The Custom-Made Brain: Cerebral Plasticity, Regeneration, and Enhancement

Image of The Custom-Made Brain: Cerebral Plasticity, Regeneration, and Enhancement
Release Date: 
June 3, 2014
Columbia University Press
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The Custom-Made Brain furnishes us with a fascinating narrative about brain structure and development along with some challenging issues related to future developments and possibilities.”

How many brain cells do we have? Can we get new ones?

We know that children develop new brain cells as they grow (although we may wonder at times if they use any of them). The growth in head size also involves growth in brain tissue to fill the space inside. We are learning more about brain development in adolescence that give rise to some troubling questions about limits of personal responsibility. But what happens when we reach adulthood? It is commonly believed that we only have so many brain cells, and we cannot grow news ones as adults. Vincent and Lledo offer strong evidence that this is not the case: We can and do grow new brain cells under certain conditions.

The book opens with the standard evolutionary tale of development, but with some interesting twists. The authors argue that compassion was a result of evolution, allowing groups to survive through mutual cooperation and caring, a story certainly at odds with the “survival of the fittest” mantra of the movement.

A great deal of effort is expended in chapter two to argue for an evolutionary narrative regarding brain development. Unfortunately, there is no detailed information offered about how these processes occurred. In addition, some interesting language is used to describe evolution. It is not pictured as the random, directionless phenomenon that is the current model. The authors ascribe direction and purpose to the evolutionary process. Frequent references are made to evolution as a conscious, active process. In one place, they write, “Evolution still needed to risk a few more decisive innovations.” They clearly state their rejection of the supernatural, but seem to invoke some sentience to this seemingly non-supernatural phenomenon.

Evidence of the complexity of the brain is presented in great detail in chapter three. Here we see the intricate structures that make up the brain and learn about the many processes controlled by this roughly three pounds of tissue. This chapter serves as an excellent primer for those who need some introduction to brain structure and function.

The idea of adult brain plasticity (the ability to develop new brain cells) is relatively recent, first being broached in the late 1970s and early 1980s. Initial research focused on animal studies, with the book giving a fascinating account of how hormonal changes in male canaries (triggered by the changing light availability throughout the year) produced different singing patterns in different seasons. Other work is described dealing with brain development during adolescence and early adulthood that has serious implications for educational and mental health policies.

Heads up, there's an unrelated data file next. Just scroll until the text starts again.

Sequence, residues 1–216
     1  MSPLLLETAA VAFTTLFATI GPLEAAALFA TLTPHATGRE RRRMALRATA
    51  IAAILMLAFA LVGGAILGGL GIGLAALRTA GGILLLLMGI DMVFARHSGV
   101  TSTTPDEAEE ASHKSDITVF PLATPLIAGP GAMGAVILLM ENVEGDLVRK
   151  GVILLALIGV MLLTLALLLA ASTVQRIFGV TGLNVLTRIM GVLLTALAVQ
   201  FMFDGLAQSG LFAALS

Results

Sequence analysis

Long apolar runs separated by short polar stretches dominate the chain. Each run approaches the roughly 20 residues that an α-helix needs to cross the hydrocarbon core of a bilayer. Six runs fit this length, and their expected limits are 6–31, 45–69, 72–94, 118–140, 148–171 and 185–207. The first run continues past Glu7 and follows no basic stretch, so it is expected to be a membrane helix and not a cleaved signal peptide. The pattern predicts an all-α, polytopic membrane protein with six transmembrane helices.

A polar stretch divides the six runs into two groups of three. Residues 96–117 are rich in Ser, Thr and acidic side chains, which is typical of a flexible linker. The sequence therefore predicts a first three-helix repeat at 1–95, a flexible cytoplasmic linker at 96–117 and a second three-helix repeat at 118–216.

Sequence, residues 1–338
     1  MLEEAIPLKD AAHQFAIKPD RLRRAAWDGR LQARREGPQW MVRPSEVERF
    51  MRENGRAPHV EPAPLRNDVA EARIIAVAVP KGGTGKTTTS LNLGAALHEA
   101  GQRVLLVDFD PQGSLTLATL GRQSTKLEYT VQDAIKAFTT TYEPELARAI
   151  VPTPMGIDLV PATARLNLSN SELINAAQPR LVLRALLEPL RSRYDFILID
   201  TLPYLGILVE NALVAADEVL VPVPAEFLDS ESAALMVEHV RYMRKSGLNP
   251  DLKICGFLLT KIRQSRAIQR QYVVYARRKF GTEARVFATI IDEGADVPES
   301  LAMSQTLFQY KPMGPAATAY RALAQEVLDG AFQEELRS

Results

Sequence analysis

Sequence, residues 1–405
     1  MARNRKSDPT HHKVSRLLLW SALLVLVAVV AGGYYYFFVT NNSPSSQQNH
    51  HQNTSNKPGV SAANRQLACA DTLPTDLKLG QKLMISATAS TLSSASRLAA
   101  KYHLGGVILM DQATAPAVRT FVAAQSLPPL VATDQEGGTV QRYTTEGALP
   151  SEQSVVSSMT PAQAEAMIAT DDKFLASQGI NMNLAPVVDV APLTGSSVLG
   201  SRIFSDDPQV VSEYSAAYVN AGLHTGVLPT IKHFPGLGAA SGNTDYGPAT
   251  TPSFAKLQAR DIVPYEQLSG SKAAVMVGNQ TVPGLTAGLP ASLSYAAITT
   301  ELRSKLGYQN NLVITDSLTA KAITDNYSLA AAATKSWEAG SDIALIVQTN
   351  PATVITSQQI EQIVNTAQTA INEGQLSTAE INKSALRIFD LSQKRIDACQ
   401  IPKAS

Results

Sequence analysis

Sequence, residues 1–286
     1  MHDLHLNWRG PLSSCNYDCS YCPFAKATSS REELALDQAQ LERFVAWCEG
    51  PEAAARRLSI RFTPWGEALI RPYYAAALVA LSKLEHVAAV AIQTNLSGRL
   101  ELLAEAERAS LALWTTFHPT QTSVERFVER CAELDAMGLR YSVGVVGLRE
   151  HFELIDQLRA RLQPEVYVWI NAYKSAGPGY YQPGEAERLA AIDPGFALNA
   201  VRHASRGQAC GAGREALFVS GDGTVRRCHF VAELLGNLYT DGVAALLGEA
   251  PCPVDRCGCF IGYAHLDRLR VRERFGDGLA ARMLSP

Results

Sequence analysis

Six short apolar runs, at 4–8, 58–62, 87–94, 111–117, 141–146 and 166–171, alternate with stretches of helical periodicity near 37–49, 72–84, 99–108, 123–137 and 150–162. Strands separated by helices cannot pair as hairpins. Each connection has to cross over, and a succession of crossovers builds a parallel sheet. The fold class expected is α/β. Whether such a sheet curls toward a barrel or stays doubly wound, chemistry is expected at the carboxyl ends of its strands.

Mental disorders and dementia are two growing concerns as we learn more about brain development in adults. In 1990 President Bush established the “Decade of the Brain” program designed to bring greater awareness to issues related to this important organ and to stimulate research in this area.

In chapter five, the authors provide a very informative overview of the neurology and pathology of the brain as it changes during aging. Useful information is given that deals with degenerative brain diseases (such as Alzheimer’s disease) and current approaches to treatment. Little coverage is offered for mental illness, with the suggestion of developing drug treatment based on individual situations as the only solution being offered. Other topics of interest deal with phantom limb phenomena and brain changes produced by stress (both topics worth considerable exploration on their own).

Chapter six could be considered science fiction except for the fact that many of the brain enhancements talked about already exist. While there are undeniable benefits to many of these developments (devices that facilitate communication, approaches to pain regulation), there are also significant ethical issues involved. The ideas of “brain doping” (the use of chemical substances that affect behavior) and nanotechnology (ultra-miniature devices that can actually enter the brain) certainly could be helpful for some individuals, but also bring up serious questions about how these techniques would be used and how abuses would be curtailed.

The book provides an excellent and extensive collection of notes and references at the end. This material would allow the serious student to explore in great detail the topics covered in the book.

The Custom-Made Brain furnishes us with a fascinating narrative about brain structure and development along with some challenging issues related to future developments and possibilities.